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close this bookIndustrial Metabolism: Restructuring for Sustainable Development (UNU; 1994; 376 pages)
View the documentNote to the reader from the UNU
View the documentAcknowledgements
View the documentIntroduction
close this folderPart 1: General implications
close this folder1. Industrial metabolism: Theory and policy
View the documentWhat is industrial metabolism?
View the documentThe materials cycle
View the documentMeasures of industrial metabolism
View the documentPolicy implications of the industrial metabolism perspective
View the documentReferences
Open this folder and view contents2. Ecosystem and the biosphere: Metaphors for human-induced material flows
Open this folder and view contents3. Industrial restructuring in industrial countries
Open this folder and view contents4. Industrial restructuring in developing countries: The case of India
Open this folder and view contents5. Evolution, sustainability, and industrial metabolism
Open this folder and view contentsPart 2: Case-studies
Open this folder and view contentsPart 3: Further implications
View the documentBibliography
View the documentContributors

The materials cycle

A third way in which the analogy between biological metabolism and industrial metabolism is useful is to focus attention on the "life cycle" of individual "nutrients."

The hydrological cycle, the carbon cycle, and the nitrogen cycle are familiar concepts to earth scientists. The major way in which the industrial metabolic system differs from the natural metabolism of the earth is that the natural cycles (of water, carbon/oxygen, nitrogen, other words, the industrial system does not generally recycle it trients. Rather, the industrial system starts with high-quality mat' (fossil fuels, ores) extracted from the earth, and returns them to nature in degraded form.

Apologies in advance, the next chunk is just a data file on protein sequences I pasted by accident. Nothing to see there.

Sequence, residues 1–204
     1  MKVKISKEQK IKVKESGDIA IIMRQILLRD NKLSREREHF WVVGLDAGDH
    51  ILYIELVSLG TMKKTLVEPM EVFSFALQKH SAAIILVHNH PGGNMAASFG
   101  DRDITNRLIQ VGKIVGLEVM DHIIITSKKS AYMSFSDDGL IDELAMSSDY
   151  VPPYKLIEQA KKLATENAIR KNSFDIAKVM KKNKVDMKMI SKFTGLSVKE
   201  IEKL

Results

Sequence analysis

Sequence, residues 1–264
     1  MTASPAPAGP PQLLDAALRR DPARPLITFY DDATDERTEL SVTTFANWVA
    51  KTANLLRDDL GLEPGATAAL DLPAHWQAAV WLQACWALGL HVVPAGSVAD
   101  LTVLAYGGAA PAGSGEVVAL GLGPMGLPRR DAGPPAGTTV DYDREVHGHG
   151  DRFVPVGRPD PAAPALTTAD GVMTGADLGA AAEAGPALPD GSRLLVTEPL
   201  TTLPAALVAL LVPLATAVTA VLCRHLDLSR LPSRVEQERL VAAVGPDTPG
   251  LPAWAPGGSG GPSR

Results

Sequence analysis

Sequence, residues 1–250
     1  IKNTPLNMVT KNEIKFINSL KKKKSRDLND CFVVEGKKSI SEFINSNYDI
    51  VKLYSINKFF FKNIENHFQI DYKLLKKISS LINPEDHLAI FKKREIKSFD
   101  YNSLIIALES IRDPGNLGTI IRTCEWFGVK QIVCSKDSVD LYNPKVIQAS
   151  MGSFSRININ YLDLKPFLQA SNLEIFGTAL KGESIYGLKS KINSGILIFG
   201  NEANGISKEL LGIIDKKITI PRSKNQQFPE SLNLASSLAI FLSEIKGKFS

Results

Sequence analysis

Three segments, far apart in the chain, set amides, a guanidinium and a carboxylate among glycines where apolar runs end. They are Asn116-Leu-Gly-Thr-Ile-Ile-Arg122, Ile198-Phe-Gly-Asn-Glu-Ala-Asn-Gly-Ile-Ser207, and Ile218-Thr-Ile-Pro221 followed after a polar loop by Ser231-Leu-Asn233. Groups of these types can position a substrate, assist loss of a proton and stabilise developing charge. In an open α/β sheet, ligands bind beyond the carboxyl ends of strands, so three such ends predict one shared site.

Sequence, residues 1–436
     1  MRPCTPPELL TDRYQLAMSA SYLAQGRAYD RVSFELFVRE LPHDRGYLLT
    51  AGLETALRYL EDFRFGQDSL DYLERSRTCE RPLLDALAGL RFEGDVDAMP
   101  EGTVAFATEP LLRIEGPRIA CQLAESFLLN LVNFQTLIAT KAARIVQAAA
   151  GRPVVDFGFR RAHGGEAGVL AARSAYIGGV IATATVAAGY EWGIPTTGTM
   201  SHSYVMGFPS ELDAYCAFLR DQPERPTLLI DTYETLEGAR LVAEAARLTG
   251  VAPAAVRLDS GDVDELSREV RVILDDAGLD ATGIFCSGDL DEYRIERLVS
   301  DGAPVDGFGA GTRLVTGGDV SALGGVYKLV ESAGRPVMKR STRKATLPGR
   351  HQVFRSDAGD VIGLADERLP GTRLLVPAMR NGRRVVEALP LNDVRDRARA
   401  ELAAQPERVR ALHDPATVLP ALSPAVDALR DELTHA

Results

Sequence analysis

This point particularly deserves clarification. The materials c in general, can be visualized in terms of a system of compartments containing stocks of one or more nutrients, linked by certain flows. For instance, in the case of the hydrological cycle, the glaciers oceans, the fresh water lakes, and the groundwater are stocks, while rainfall and rivers are flows. A system is closed if there are no e nal sources or sinks. In this sense, the earth as a whole is essentially, closed system, except for the occasional meteorite.

A closed system becomes a closed cycle if the system is al steady state, i.e. the stocks in each compartment are constant an changing, at least on average. The materials balance condition plies that the material inputs to each compartment must be e, balanced (on average) by the outputs. If this condition is not m. a given compartment, then the stock in one or more compartments must be increasing, while the stocks in one or more other compartments meets must be decreasing.²

It is easy to see that a closed cycle of flows, in the above sense only be sustained indefinitely by a continuous flow of free en This follows immediately from the second law of thermodynamics, which states that global entropy increases in every irreversible process. Thus, a closed cycle of flows can be sustained as long external energy supply lasts. An open system, on the contrary, herently unstable and unsustainable. It must either stabilize or lapse to a thermal equilibrium state in which all flows, i.e. all physical and biological processes, cease.

It is sometimes convenient to define a generalized four-box model to describe materials flows. The biological version is shown in figure 2, while the analogous industrial version is shown in figure 3. Reverting to the point made at the beginning of this section, the nature tem is characterized by closed cycles, at least for the major nutrients (carbon, oxygen, nitrogen, sulphur) - in which biological processes play a major role in closing the cycle. By contrast, the industrial system is an open one in which "nutrients" are transformed "wastes," but not significantly recycled. The industrial system, exists today, is therefore ipso facto unsustainable.

Fig. 2 Four-box scheme for bio-geo-chemical cycles

At this stage, it should be noted that nothing can be said at least) with respect to any of the really critical questions. These are as follows:


  1. Will the industrial system stabilize itself without external interference?
  2. If so, how soon, and in what configuration?
  3. If not, does there exist any stable state (i.e. a system of closed materials cycles) short of ultimate thermodynamic equilibrium that could be reached with the help of a feasible technological "fix"?
  4. If so, what is the nature of the fix, and how costly will it be?
  5. If not, how much time do we have until the irreversible collapse of the biogeosphere system makes the earth uninhabitable? (If the time scale is a billion years, we need not be too concerned. If it is a hundred years, civilization, and even the human race, could already be in deep trouble.)

It is fairly important to try to find answers to these questions.